Eitan Na’eh, and for calling a meeting of the Organization of Islamic Cooperation over the deaths on the Gaza border.
In his letter, Haniyeh called on the Muslim nations participating in the emergency meeting in Turkey on Friday to present a decisive stance that would set a red line to what he called the blatant bias of the US administration towards Israel’s settlement construction and its plans to “Judaize” Jerusalem.
He urged the Muslim nations to make significant decisions to deal with the dangers and challenges that “Palestine, Jerusalem and the al-Aqsa Mosque face.”
The Hamas leader also called for an Arab Islamic front that would defend Palestine. Furthermore, he urged the Muslim nations to demand an end of the Israeli and Egyptian blockade on Gaza and to come up with a plan to end the humanitarian crisis in the strip.
Haniyeh said he supported an Arab and Islamic strategy that would boycott Israel in all areas and prevent normalization with it. He also urged the Muslim leaders to bring Israeli leaders to justice at international courts.
Turkey’s Foreign Minister Mevlüt Çavuşoğlu called on Wednesday to bring Israel to justice at the International Criminal Court (ICC) for the deaths of over 60 Palestinians on the Gaza border this week.
“Israel should be taken to the International Criminal Court. Since third parties cannot do it, Palestine needs to initiate this,” Çavuşoğlu told state broadcast TRT.
He noted Turkey will provide legal assistance to the Palestinians to that end.
“We are analyzing what kind of legal steps can be taken,” Çavuşoğlu said. “This crime against humanity should be probed by an independent commission and Israel should account for its actions before the law.”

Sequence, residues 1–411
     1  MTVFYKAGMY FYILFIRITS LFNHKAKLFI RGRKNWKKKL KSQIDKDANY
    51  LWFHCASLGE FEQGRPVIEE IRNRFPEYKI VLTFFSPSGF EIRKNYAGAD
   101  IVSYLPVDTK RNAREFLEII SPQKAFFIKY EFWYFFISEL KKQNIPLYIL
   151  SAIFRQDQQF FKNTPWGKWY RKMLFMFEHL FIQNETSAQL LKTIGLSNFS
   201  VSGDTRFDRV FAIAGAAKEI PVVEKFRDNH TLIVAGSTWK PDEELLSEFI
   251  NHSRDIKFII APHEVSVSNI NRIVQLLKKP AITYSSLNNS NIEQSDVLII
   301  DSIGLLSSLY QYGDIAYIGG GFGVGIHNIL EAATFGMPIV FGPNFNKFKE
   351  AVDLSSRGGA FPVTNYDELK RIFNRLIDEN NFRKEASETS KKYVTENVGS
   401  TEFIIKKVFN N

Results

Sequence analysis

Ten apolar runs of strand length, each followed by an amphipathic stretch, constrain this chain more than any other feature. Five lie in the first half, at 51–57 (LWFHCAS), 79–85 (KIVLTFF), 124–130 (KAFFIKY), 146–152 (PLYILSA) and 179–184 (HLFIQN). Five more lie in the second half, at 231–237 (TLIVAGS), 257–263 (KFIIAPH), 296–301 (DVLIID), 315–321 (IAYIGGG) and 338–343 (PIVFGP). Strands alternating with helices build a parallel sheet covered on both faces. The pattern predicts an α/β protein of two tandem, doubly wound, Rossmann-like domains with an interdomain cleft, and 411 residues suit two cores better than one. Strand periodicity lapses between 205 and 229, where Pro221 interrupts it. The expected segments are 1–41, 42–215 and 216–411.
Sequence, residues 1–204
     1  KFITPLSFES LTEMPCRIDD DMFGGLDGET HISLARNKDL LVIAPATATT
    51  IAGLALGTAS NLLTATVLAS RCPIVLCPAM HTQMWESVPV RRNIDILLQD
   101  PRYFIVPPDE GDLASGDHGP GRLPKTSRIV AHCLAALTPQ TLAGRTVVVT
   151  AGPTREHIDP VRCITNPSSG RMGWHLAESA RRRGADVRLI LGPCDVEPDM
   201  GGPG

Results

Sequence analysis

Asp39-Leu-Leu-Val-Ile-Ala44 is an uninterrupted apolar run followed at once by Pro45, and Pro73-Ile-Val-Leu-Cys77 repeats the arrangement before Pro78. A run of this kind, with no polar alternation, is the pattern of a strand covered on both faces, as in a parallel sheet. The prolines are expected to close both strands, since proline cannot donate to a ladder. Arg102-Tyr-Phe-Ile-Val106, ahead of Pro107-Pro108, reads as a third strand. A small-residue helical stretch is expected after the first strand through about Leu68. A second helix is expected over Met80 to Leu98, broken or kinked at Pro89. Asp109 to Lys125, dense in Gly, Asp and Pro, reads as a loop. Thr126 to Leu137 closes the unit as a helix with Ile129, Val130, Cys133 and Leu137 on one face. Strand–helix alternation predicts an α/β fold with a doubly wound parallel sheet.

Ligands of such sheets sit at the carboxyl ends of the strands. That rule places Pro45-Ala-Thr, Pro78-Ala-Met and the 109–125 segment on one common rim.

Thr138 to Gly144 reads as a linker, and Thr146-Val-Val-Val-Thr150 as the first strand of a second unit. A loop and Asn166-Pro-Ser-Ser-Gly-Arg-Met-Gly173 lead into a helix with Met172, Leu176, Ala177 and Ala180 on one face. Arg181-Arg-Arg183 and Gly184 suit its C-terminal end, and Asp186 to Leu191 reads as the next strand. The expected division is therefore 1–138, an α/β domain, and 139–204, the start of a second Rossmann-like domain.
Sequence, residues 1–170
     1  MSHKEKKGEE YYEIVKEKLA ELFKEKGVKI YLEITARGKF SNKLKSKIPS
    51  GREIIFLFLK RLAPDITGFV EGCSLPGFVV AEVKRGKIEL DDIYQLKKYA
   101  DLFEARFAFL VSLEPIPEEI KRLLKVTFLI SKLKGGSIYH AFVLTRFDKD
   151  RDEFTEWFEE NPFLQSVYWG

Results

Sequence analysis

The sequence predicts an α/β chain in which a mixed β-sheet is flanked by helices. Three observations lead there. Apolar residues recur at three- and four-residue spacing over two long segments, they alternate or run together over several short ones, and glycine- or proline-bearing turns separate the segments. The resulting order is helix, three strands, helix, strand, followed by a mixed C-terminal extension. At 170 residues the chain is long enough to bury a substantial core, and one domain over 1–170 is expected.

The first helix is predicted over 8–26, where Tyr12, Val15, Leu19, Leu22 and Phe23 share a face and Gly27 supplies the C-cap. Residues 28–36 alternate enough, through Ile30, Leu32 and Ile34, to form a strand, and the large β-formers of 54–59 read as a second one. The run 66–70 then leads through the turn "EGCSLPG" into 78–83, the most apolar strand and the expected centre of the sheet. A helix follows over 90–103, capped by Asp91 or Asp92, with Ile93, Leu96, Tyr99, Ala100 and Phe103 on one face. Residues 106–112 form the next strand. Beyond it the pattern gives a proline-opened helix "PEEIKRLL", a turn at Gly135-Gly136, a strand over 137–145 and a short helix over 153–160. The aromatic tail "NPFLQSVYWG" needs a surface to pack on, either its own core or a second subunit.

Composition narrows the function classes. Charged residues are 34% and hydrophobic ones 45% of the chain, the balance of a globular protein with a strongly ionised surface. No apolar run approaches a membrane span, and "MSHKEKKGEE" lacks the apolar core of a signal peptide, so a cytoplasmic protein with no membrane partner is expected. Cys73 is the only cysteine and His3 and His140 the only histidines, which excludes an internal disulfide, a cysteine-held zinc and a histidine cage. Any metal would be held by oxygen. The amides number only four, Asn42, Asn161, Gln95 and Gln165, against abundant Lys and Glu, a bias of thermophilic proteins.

He called on the UN Human Rights Committee to establish such an independent commission.
The Turkish foreign minister also called on the United Nations to act. “Palestine should be recognized and become a member country of the UN. From now on, the world needs to unremittingly exert efforts for a two-state resolution,” he said.
Earlier this week, Turkey recalled its ambassadors to Israel and the United States in protest of the US Embassy opening in Jerusalem and the high death toll on the Gaza border. It later expelled Israel’s ambassador to Ankara and Israel’s consul-general to Istanbul—moves that were answered in kind by Israel.
Turkish President Erdoğan and Prime Minister Benjamin Netanyahu also exchanged barbs on Twitter, in the wake of Erdoğan’s criticism of Israel over the events in Gaza.
On Wednesday, Erdoğan accused Israel of “bullying,” adding that Turkey “will never allow Jerusalem to be stolen by Israel.”
“Even if the whole world shuts their eyes, we will not allow Israeli cruelty. We will continue to be with our Palestinian siblings not only with our hearts, but with all our resources,” the Turkish leader added.
Erdoğan said Turkey had launched initiatives to get the issue onto the UN General Assembly’s agenda. He said Ankara was pressing members of the UN Security Council to be more active.
Reuters contributed to this story.